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Living with Lupus

Talking to Your Family About Lupus: Tips & Tricks

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Lupus has the potential to affect every area of your life, and many people find it difficult to help the people closest to them understand what they endure and what they need.  

It’s important to talk to your family about lupus because managing lupus requires constant tracking of symptoms and medications, and this can be a huge obstacle for people with lupus on their own. Having supportive, well-informed family can help prevent feelings of isolation, depression, and anxiety from developing. These are serious issues that cause a stress load that you, as a person with lupus, shouldn’t have to carry along with your other stresses! However, even when symptoms are down, you are only human and very busy. Having a supportive family can really help with keeping up with medications, going to appointments, encouraging exercise and keeping up a proper diet.

How can you help the people around you understand your needs?

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How to Address Key Points

There are a few misunderstandings and frustrations that come up more than others – here’s a guide to how to address them and explain them to your family and friends.

Not Looking Sick

Systemic lupus erythematosus is an autoimmune disease – this means that the body is attacking itself. The symptoms can be visible, such as malar rashes or lesions in cutaneous lupus. However, most of the time, the immune system is attacking the inside of the body: The kidneys, joints, blood vessels, heart, nerves, gut, even the brain – any organ can be affected, and a laundry list of symptoms can come from it. Many of these symptoms are only known to the person with lupus. However, the pain and symptoms are real and can greatly hinder the lives of people with lupus – just as real as any other form of arthritis, back pain, or internal disease (like cancer.) 

People with lupus also can often develop neuropsychiatric diseases, which are caused by the damage of lupus inflammation, the stress of dealing with lupus, and the frustration of being misunderstood. Another invisible symptom of lupus can be memory troubles, which is caused both by inflammation of lupus and the exhaustion that lupus causes. However, these troubles are very real, and creates a symptom experienced by nearly 60% of people with lupus sometimes called brain fog. Taking care of lupus and reducing inflammation can help clear the fog.

With those ailments, you can’t always tell that a person is ill, but their life is heavily affected. It is the same thing with lupus.

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Medications and Chronic Illness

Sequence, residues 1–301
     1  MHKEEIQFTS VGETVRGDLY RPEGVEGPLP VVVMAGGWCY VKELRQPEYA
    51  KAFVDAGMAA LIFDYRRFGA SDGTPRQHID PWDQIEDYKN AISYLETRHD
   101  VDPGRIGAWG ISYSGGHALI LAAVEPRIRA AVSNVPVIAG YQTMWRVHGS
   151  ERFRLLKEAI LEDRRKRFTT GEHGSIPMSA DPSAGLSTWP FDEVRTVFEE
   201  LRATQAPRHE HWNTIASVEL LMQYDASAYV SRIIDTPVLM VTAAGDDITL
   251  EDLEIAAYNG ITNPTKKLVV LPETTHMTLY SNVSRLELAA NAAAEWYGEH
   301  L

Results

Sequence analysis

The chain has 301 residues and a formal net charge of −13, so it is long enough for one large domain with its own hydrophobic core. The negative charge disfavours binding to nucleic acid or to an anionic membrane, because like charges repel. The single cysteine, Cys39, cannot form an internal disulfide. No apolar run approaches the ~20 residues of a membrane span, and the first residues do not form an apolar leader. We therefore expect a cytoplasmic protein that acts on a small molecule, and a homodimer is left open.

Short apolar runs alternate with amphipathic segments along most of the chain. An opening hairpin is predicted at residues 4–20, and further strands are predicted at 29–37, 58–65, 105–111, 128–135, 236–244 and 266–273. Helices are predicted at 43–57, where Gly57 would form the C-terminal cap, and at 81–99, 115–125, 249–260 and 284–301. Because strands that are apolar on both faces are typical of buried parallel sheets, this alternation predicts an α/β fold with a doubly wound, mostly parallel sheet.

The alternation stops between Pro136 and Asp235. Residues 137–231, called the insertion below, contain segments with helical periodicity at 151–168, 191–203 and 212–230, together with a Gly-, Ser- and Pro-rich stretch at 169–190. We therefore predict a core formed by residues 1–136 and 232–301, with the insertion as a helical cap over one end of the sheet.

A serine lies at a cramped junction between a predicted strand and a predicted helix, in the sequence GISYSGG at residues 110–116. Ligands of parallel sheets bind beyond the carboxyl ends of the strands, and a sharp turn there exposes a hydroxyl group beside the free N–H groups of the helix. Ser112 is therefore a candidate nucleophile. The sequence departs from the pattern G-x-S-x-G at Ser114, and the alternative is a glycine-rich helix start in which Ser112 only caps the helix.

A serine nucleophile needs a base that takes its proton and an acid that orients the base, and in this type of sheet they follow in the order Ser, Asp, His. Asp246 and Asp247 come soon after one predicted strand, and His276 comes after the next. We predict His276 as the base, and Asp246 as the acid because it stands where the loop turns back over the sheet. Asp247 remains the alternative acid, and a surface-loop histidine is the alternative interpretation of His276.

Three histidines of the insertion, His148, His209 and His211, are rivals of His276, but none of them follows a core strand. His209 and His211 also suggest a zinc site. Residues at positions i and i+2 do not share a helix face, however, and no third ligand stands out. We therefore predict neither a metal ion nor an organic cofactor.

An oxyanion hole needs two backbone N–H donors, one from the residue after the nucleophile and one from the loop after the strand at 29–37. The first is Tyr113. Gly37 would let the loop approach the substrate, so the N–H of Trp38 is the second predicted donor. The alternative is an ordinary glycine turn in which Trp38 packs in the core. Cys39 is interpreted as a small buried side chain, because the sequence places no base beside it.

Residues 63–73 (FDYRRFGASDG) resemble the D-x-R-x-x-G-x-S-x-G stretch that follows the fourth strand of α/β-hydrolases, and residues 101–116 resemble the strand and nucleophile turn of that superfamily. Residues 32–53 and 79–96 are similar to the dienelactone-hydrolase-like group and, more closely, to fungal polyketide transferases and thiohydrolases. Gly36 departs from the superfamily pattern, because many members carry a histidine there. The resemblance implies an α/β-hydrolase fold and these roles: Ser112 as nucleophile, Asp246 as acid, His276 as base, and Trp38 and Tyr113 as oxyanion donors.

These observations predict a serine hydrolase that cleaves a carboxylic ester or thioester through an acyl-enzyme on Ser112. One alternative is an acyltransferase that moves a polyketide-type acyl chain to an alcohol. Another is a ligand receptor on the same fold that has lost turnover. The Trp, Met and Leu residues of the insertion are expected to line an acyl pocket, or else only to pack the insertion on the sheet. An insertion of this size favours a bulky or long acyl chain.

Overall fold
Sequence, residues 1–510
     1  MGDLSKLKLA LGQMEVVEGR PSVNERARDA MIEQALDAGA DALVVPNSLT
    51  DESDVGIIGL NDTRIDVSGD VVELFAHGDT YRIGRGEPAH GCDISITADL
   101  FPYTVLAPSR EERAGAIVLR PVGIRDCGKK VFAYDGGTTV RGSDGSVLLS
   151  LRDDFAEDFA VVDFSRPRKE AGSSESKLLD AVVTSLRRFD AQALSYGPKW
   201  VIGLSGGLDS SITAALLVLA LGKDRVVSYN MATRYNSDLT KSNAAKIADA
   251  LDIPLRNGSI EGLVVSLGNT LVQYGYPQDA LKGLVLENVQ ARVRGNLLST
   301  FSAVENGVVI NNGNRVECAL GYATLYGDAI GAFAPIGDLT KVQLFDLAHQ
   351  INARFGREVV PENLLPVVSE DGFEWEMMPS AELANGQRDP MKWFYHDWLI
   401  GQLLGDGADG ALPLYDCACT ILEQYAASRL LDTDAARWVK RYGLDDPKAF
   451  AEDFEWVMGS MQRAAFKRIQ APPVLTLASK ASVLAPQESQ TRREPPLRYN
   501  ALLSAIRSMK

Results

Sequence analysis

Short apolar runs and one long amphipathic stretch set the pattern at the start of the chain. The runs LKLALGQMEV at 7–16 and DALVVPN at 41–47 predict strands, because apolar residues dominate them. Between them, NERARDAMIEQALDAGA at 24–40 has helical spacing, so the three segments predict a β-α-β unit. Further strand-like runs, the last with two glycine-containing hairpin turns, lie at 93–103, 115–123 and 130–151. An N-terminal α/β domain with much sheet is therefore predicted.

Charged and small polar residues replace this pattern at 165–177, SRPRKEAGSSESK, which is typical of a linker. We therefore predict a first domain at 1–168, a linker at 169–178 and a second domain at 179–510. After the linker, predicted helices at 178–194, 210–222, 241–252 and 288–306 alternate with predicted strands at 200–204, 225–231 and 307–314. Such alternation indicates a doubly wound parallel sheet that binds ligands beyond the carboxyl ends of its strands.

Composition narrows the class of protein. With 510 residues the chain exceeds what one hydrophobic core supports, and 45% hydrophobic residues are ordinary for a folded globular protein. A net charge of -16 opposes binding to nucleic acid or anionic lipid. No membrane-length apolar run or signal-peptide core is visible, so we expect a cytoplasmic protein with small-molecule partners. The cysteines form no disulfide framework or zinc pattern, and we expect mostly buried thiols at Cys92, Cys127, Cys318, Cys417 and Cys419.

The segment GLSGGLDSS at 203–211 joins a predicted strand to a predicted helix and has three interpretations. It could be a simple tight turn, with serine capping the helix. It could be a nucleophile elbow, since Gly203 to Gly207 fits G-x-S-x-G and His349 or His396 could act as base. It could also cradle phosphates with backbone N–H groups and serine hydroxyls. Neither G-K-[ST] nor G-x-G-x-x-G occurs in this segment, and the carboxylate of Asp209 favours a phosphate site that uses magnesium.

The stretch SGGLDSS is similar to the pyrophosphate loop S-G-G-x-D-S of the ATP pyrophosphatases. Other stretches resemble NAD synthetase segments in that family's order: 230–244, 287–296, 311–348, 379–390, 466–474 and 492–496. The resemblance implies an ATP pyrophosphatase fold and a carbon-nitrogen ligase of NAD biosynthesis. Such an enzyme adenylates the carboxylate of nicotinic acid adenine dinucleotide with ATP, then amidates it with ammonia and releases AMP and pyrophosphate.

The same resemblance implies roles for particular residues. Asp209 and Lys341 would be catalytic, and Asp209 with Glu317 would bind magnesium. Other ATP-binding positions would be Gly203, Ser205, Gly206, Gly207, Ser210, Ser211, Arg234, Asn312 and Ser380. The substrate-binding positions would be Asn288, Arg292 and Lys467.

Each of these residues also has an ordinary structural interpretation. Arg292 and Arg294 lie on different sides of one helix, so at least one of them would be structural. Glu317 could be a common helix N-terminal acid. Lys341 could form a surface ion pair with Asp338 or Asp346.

People with lupus will always have lupus, since there is no cure yet. Symptoms can come and go because the immune system is effected by and reacts to things that occur in the outside world or external substances that enter the body such as foods or allergens like pollen. A sudden increase of symptoms is called a flare and flares can last from days to even years. Though the flare might go down, and a person with lupus might experience a period of time without apparent symptoms, it is always there in their body. 

Medications make it easier to stop a flare-in-progress and, also, to prevent it from starting, which helps people with lupus even when these medications have serious side effects – including weight gain, which is a notoriously difficult side effect to shake off due to the corticosteroids changing how the body processes and stores energy from food. Another such medication is immunosuppressive drugs. While these can help to stop symptoms of lupus, these drugs also leave people with lupus vulnerable to infection. 

The medications are worth it because not having flares gives the body needed time to heal from the damage of lupus, which may, in turn, make the body less vulnerable to certain flare triggers.

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Weight and Diet

People with lupus already get a great deal of advice from their doctors, they don’t need more. In the end, people with lupus are on the front lines of their disease. They are the ones most aware of their situation and what makes them feel good, what makes them feel bad, what causes flares, and what they are actually able to do to help themselves. Due to pain, it can be difficult to exercise and due to flare triggers and food availability, it can be difficult to keep to a proper diet. Most people with lupus are in the process of figuring out how to manage their disease. Nagging or unasked-for recommendations are stressful, annoying, and it is also very likely that they have tried that method already. 

It’s much better to be supportive – help with cooking, cleaning and exercise, be encouraging, and be a good listening ear. These can be much more effective than advice.